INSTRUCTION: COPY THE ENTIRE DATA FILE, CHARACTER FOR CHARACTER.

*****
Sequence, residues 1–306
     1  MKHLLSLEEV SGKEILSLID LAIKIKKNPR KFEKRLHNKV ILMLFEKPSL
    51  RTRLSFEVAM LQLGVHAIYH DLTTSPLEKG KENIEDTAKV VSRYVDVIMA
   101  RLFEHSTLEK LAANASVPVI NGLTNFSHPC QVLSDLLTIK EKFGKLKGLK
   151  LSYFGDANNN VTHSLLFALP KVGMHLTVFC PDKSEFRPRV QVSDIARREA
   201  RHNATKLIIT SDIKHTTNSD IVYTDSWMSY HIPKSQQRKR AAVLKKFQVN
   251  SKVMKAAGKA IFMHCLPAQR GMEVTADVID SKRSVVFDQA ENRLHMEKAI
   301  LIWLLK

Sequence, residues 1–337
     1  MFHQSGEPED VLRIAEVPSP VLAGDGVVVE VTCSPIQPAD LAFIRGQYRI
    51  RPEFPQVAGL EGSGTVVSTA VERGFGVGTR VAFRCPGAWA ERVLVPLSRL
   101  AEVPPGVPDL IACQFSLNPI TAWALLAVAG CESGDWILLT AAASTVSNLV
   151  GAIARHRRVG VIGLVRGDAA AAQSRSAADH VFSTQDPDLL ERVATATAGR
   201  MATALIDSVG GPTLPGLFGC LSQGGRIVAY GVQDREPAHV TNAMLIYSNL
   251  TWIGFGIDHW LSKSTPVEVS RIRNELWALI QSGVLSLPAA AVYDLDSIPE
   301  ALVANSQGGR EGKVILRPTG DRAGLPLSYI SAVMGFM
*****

Sequence, residues 1–306
     1  MKHLLSLEEV SGKEILSLID LAIKIKKNPR KFEKRLHNKV ILMLFEKPSL
    51  RTRLSFEVAM LQLGVHAIYH DLTTSPLEKG KENIEDTAKV VSRYVDVIMA
   101  RLFEHSTLEK LAANASVPVI NGLTNFSHPC QVLSDLLTIK EKFGKLKGLK
   151  LSYFGDANNN VTHSLLFALP KVGMHLTVFC PDKSEFRPRV QVSDIARREA
   201  RHNATKLIIT SDIKHTTNSD IVYTDSWMSY HIPKSQQRKR AAVLKKFQVN
   251  SKVMKAAGKA IFMHCLPAQR GMEVTADVID SKRSVVFDQA ENRLHMEKAI
   301  LIWLLK

Sequence, residues 1–337
     1  MFHQSGEPED VLRIAEVPSP VLAGDGVVVE VTCSPIQPAD LAFIRGQYRI
    51  RPEFPQVAGL EGSGTVVSTA VERGFGVGTR VAFRCPGAWA ERVLVPLSRL
   101  AEVPPGVPDL IACQFSLNPI TAWALLAVAG CESGDWILLT AAASTVSNLV
   151  GAIARHRRVG VIGLVRGDAA AAQSRSAADH VFSTQDPDLL ERVATATAGR
   201  MATALIDSVG GPTLPGLFGC LSQGGRIVAY GVQDREPAHV TNAMLIYSNL
   251  TWIGFGIDHW LSKSTPVEVS RIRNELWALI QSGVLSLPAA AVYDLDSIPE
   301  ALVANSQGGR EGKVILRPTG DRAGLPLSYI SAVMGFM